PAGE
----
How To Have a Happy Stepfamily

By Gina Simmons, Ph.D.

Recently a family came into my counseling practice with a problem.  Mom and stepdad got along great until the stepchildren arrived.  The two kids were on a 5 days on, 5 days off schedule of shared parenting.  Stepdad found the additional noise, mess and rambunctiousness unacceptable to his serenity.  Stepdad threatened mom, “you and your brats are out of my house if you can’t get them to behave.”   Now the mom’s got a heap of worry.  She moved into the house he owned prior to their marriage.  If her kids misbehave she could find herself looking for a new place to live.  No wonder stepfamilies explode in anger.  Now I don’t know about you, but if I had to behave perfectly in the privacy of my own home all the time I’m not sure I could do it, even for a reality T.V. show.

Whether your family is step, blended, purreed or whipped, it’s bound to enjoy an above average amount of worry compared to traditional family types.  Stepfamily members worry or feel anxious when they:

  • Fear the relationship won’t last.
  • Dislike the stepchildren.
  • Feel not accepted by inlaws and friends.
  • Face continued litigation with ex-spouses.
  • See their child’s dislike of the stepparent.

Stepfamily happiness depends on managing this anxiety in healthy ways.  Many families today have no real commitment to one another.  People cohabitate in trial marriages with hope it will all work out and they can get married.  Others get married but know they can get out of it like they did with the previous marriage.  Think about the idea of climbing Mount Everest.  If you approach this mountain with the idea “lets see how far I can get” you might slog up a bit of hill, but quickly turn back when it gets too tough.  In contrast, if you approach Mount Everest with the commitment that you must climb to the peak, you will put tremendous energy into planning, training, expert advice, equipment and more.  Commitment changes everything.  Close all the exit doors, make a commitment to all members of the family.  I repeat ALL members of the family, including inlaws and ex-spouses.  Yes ex-spouses, the biological parents of the cherubs you live with are now part of YOUR family.  If this knowledge makes you scrunch up your face and say “ick!” join the club of stepfamilies that don’t work.  Your ex-spouses new husband’s child’s flu virus will eventually make its way into your little castle.  All of you connect in a interlocking web of family relationships.  The sooner you accept this the more quickly you can work on developing family harmony.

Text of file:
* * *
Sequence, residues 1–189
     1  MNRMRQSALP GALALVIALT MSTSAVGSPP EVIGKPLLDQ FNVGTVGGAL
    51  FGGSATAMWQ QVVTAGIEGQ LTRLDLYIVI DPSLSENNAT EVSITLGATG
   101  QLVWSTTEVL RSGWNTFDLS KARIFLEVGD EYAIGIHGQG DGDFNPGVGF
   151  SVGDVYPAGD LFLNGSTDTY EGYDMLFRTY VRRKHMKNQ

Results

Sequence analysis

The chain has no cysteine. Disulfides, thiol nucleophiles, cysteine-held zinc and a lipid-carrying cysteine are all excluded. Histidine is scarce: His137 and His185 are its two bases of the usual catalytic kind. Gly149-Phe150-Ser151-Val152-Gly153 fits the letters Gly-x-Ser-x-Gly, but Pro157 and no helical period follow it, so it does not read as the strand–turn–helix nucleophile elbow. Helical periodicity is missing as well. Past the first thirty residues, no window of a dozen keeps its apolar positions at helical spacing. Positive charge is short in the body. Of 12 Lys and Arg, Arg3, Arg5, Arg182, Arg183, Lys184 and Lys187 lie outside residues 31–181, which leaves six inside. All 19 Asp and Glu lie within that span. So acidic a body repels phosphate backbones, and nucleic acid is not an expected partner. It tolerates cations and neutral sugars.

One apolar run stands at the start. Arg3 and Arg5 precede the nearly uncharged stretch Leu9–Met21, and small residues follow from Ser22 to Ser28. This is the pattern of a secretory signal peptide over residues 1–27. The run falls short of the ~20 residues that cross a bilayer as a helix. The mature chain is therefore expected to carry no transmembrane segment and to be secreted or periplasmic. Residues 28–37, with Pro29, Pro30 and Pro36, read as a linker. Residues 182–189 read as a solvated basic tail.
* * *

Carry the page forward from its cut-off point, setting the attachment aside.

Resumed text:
Once you’ve made a real commitment to the family the rest of these suggestions will prove easier to perform.

  • Create stable routines and traditions:  Include the whole  family.  If your wife’s kids always play baseball on the fourth of July, include that in your family tradition.  If you always had a barbeque, light up the grill after the game.
  • Give positive attention and appreciation:  Get to know your stepkids by observing and listening.  Show appreciation for small kindnesses.
  • Accept family differences:  Treat everyone respectfully.  If you’re neat and they’re sloppy, point out the good qualities, don’t just criticize.
  • Express caring even if you don’t like the child:  Feelings follow behavior.  Caring for children you don’t like can change how you feel about them.  Plus you will feel better about yourself if you helped your spouse be the best possible parent to his or her children.

If you contemplate marrying someone with children ask yourself the following:

  • Can I commit emotionally, financially and behaviorally to these children for the rest of my life?
  • Can I consider the ex a member of my family?
  • Am I willing to compromise some of how I want to live for the sake of family harmony?

If you can’t answer yes to all three I suggest you run away from this relationship as fast as you can.  Do something easier.  Climb Mount Everest.